However, making a finding aid isn’t simply a matter of uploading an inventory. From the moment a collection gets dollied into our stacks we document who created it, why they created it, how it relates to other collections, and a wealth of other information. This “metadata” gets organized and input into the XML code of an online finding aid, where its presence ensures that researchers can determine whether the collection is useful to them. The finding aid for the papers of Texas Governor Coke Stevenson are a good example of such metadata done right: http://legacy.lib.utexas.edu/taro/ttusw/00394/tsw-00394.html.
Governor Coke R. and Marguerite King Heap Stevenson TARO Finding Aid
That part of the job is time consuming. Archival Associate Sarah Stephenson, who recently left us for the urban sprawl of Austin, Texas; Zach Hernandez, added to the staff mere days before TTU closed its doors; and myself have since last October slowly worked one finding aid at a time, piecing together this data. And we’re making progress! Over the work from home weeks, Zach alone has finished up over 200 finding aids that I will absolutely upload as soon as I can get the FTP program to work properly through my home firewall.
And there you have it. A manuscript archive run from the comfort of pajamas, home-ground coffee, and music turned up as loud as we want because we’re not at the office. And always remember, we’re doing this for you, the researcher. If you need something, contact our ever-helpful Reference Staff (https://swco.ttu.edu/refaccess.php) and they’ll get these things into your hands.
May 11, 2020 marks the fiftieth anniversary of the deadly F5 tornado that devastated Lubbock Texas. Prior to COVID-19 times, the Southwest Collection had planned a symposium entitled “The Lubbock Tornado, Fifty Years Later” that would have explored weather, history, and culture on the South Plains. Two full days of over thirty-five speakers would have discussed initial recovery efforts, art and music born out of the disaster, the history of and research from the National Wind Institute, the memorial gateway project, and reexaminations of the tornado itself.
At this point, most memorial-ization events across the city have been postponed to 2021, including the dedication of the aforementioned memorial gateway project. We have penciled in May 7-8, 2021 for our symposium’s rescheduled date. If this become untenable, we hope at least that our presenters will write up their talks so that we can provide a digital repository. The Southwest Collection’s goal has always been to preserve the history of this milestone Lubbock weather event. Regardless of the end medium or venue, we will continue that mission.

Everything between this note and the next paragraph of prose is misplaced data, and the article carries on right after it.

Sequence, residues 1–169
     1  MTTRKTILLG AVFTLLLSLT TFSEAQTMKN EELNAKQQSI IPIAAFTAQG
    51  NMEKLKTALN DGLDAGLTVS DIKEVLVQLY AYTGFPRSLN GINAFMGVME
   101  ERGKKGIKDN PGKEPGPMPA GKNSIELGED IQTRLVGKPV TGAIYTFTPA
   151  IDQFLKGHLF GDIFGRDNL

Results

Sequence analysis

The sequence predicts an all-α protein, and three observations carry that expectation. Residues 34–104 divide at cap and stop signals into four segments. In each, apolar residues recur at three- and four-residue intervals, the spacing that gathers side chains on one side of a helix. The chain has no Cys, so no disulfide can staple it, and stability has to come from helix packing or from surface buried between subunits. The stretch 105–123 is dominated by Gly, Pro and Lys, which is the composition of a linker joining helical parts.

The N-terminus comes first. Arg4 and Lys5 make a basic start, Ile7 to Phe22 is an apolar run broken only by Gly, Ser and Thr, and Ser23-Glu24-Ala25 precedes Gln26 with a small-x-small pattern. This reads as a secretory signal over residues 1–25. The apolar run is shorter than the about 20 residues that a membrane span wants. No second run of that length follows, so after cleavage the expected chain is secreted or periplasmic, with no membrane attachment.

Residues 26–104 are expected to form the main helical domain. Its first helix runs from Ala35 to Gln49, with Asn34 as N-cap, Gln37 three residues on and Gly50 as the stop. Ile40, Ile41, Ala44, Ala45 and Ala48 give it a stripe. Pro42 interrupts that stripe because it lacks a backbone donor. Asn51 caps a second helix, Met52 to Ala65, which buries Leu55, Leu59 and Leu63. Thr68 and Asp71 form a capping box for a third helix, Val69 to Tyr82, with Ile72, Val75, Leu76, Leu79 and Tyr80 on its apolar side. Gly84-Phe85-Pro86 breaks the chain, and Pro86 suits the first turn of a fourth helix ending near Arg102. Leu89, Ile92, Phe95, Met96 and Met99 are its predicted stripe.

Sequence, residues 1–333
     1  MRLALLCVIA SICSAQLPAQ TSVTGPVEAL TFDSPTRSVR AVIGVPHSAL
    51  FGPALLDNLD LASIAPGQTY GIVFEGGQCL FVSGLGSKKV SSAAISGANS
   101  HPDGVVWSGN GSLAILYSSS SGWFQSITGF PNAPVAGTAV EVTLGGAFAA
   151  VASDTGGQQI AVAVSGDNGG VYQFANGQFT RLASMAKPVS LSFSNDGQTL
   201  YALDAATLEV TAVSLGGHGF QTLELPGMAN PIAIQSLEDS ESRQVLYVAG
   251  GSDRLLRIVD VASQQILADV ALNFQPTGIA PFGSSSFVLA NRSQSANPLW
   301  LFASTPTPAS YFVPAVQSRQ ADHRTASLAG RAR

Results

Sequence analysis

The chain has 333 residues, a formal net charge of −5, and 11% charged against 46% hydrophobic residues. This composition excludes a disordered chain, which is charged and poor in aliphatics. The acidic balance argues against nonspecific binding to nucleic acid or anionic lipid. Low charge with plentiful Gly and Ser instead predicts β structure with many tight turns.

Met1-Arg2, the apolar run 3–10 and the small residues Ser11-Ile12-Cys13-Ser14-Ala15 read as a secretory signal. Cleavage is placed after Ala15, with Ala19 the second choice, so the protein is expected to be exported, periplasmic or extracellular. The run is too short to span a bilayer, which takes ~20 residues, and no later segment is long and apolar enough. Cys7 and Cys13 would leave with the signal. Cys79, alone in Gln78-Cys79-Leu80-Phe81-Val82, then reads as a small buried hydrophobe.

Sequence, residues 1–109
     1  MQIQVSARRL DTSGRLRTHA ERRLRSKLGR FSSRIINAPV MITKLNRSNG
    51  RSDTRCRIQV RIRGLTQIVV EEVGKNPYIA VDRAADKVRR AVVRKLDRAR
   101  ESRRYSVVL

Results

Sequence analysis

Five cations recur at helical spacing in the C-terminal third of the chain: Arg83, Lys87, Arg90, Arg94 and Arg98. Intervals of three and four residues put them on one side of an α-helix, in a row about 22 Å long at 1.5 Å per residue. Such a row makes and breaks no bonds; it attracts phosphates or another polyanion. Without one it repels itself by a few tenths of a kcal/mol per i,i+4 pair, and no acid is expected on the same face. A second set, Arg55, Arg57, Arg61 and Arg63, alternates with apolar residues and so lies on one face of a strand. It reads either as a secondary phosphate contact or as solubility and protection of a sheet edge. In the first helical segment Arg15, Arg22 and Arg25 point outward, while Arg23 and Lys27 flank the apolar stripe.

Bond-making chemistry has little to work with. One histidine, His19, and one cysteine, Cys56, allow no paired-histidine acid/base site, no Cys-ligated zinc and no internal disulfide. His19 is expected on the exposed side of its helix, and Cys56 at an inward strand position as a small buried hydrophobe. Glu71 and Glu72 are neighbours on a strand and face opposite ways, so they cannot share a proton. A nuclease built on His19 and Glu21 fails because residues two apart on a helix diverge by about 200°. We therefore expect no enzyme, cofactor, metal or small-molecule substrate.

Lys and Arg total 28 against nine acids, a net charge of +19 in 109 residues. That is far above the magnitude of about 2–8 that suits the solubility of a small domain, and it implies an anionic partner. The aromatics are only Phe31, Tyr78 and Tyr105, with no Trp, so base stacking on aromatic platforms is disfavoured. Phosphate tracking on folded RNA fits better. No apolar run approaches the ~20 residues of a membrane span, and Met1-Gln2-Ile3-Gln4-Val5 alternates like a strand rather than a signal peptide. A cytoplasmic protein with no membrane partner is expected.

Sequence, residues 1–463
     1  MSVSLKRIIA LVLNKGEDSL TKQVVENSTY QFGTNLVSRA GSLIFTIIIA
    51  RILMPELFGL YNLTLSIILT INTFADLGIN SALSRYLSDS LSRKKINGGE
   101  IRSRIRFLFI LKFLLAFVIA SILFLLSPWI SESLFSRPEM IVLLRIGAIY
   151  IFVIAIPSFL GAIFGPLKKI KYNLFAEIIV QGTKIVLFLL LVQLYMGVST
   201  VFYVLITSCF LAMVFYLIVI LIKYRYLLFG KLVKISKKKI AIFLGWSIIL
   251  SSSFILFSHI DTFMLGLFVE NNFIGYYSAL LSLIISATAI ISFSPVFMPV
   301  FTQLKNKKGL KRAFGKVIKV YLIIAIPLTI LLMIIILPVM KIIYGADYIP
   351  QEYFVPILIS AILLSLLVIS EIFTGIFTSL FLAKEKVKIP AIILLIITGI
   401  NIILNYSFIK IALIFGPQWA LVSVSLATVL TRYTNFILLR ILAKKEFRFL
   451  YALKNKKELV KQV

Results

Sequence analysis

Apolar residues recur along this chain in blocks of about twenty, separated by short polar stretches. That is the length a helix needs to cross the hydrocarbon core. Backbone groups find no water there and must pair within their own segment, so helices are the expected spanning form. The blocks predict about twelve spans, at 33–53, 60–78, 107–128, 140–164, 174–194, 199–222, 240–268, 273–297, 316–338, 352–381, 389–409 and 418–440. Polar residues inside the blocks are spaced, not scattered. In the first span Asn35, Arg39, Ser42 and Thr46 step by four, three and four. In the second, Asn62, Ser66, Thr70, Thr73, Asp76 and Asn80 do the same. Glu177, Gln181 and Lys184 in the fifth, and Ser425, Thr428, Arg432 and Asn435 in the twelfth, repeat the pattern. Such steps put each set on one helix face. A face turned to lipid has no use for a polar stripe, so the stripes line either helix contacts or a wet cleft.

This week and next, in the absence of the symposium, the memorial dedication, and general gatherings to commemorate the lives lost and forever changed by this weather event, we wanted to highlight some of the Southwest Collection holdings that can assist researchers.
As might be expected, the Lubbock tornado was a frequent topic of discussion in oral history interviews. This author (our AV Unit Manager) is currently writing a history of the oral history documentary efforts done in the aftermath of the tornado (which was to be presented at the symposium). Abstracts of interviews have been grouped together here: https://swco.ttu.edu/ohc/index.php?title=Category:Lubbock_Tornado
Many of our recently transcribed interviews also discuss the tornado. Check out our dspace and search for “tornado.” One example is Andy Wilkinson’s 2014 interview with Heenan Johnson, who was part of the disaster committee and city rebuilding efforts.
One thing that our symposium and exhibit sought to highlight was the research efforts that grew out of the Lubbock tornado disaster. The National Wind Institute, for example, began when Texas Tech scientists authored a damage investigation of the tornado (a hard copy is available in our Reading Room). Other reports are available online:
Finally, we want to mention that on May 18th, PBS’s American Experience will premiere “Mr. Tornado,” a documentary on Ted Fujita. The documentary film crew spent extensive time in our Reading Room, and worked a great deal with our reference staff.
More on Texas Tech and the tornado in next week’s blog post.
“For Rent – no pets-” Found in the AJ photos were many examples of humor that Lubbock citizens exhibited even in the midst of sheer and utter devastation. “Image 70- Ridge Road” https://hdl.handle.net/10605/357991
Little research has been done diving into the impacts of the flu on the South Plains, and so this blog is meant as a guide for SWC holdings that have been found thus far. If you know of other resources in our collections, or if you find this interesting and would like to add onto this, please let us know.
Our dspace has newspapers dating back to 1918 (and earlier). A careful search of issues from that time period uncover many stories of daily life in times of global pandemic. In addition to general reports about the flu across the world, these papers also have death notices, business/church/school closures, as well as advertisements purporting miracle cures.